It’s the most wonderful time of the year: Christmas. Bells are ringing, sleighs are sleighing and turkey’s are roasting but for some, the festive season is super stressful and – whisper it – sometimes NOT the most wonderful of times. Indeed, there are many people in the cultural zeitgeist who loathe such festive cheer and one of the biggest (and greenest) is The Grinch, who has been around for over a hundred years stealing Christmas. This year, in his new animated guide from the creators of Despicable Me, he’s doing it all over again.
This time it’s Avengers star Benedict Cumberbatch (continuing something of an unhealthy obsession with the colour green) beneath the hair and disgust, though without the 8 hours of make-up endured by Jim Carrey that saw a torture specialist hired to keep the comedian sane during the filming. The story, at least in the broadest terms, is pretty familiar: up upon Mount Crumpit lives our titular bah-humbug who after enduring one too many Christmases living above The Who’s of Whoville (who love it), decides enough is enough and that the festive season won’t be coming this year. Maniac laugh, maniac laugh…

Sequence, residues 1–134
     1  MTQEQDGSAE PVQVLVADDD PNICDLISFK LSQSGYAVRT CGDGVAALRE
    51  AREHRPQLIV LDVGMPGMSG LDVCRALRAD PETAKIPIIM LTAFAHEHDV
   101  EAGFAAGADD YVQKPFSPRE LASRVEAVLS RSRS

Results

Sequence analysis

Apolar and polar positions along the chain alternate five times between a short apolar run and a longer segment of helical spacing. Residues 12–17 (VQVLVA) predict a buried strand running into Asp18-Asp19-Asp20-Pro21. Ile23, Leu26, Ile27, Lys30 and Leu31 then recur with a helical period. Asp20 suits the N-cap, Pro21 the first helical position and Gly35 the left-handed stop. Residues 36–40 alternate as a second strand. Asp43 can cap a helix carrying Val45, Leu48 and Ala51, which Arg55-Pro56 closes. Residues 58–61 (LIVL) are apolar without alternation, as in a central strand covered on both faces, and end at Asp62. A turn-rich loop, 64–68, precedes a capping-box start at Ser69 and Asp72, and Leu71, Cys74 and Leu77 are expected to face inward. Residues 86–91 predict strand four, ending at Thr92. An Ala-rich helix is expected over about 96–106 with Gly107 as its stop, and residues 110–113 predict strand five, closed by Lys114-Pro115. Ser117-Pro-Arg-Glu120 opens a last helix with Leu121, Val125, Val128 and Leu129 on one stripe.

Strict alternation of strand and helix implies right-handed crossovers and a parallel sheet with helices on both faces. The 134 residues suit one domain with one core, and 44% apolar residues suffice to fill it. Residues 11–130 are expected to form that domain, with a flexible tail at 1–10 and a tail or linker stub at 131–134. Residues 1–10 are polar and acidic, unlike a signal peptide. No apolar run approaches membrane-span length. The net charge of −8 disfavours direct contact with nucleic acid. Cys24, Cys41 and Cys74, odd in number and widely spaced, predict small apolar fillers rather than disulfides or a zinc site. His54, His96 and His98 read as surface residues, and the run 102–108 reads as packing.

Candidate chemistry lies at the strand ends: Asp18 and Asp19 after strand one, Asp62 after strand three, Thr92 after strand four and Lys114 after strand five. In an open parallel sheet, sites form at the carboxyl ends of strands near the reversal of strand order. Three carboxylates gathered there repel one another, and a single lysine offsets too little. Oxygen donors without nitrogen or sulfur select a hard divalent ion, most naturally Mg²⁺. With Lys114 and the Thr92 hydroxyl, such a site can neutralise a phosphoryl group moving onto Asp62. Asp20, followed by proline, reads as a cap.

Cumberbatch, who we last saw dissolve in Infinity War, is having a ball here: with an evil sneer and a rambunctious yet menacing tone, he brings The Grinch to a new audience with aplomb. He’s not a patch on Carrey, mind – and let’s face, who would be? – but he doesn’t need to be, as he fits this version like a glove and while the character feels somewhat held back from truly exploding, he still does wonders.
The ghost of Ron Howard’s 2000 film looms large over the whole film – enough time has past to make a new version and reverting back to animation after the live-action stint gives it a new look and feel but so ingrained into the Christmas Movie Zeitgeist is that version that it was always going to be an impossible task to replicate or indeed better what has gone before.
Smartly, Illumination and it’s writing/directing team (including frequent Kevin Smith collaborator Scott Mosier as co-director) have given this version a new sheen: a nip and a tuck here and there, that allows for it to feel fresher, if not always anything spectacular. Dynamics of families and culture are brought into modern-day, whilst the story itself is given a tune-up with new characters and narrative strands, but what it really needed was a bit injection of humour that would cross the ages rather than the under-9’s demographic the film has settled on.
As the nights get longer and the cold descends on us, some festive film cheer is much needed and The Grinch provides a welcome dose. It rarely breaks out of the kid-friendly zone but there’s enough here to keep all entertained for 90 minutes, even if many won’t remember any of it once it’s over.
Scott J.Davis |
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Animation, Comedy, Family | USA, 2018 | U | 9th November 2018 (UK) | Universal Pictures | Dir.Yarrow Cheney, Scott Mosier | Benedict Cumberbatch, Cameron Seely, Rashida Jones, Angela Lansbury, Pharrell Williams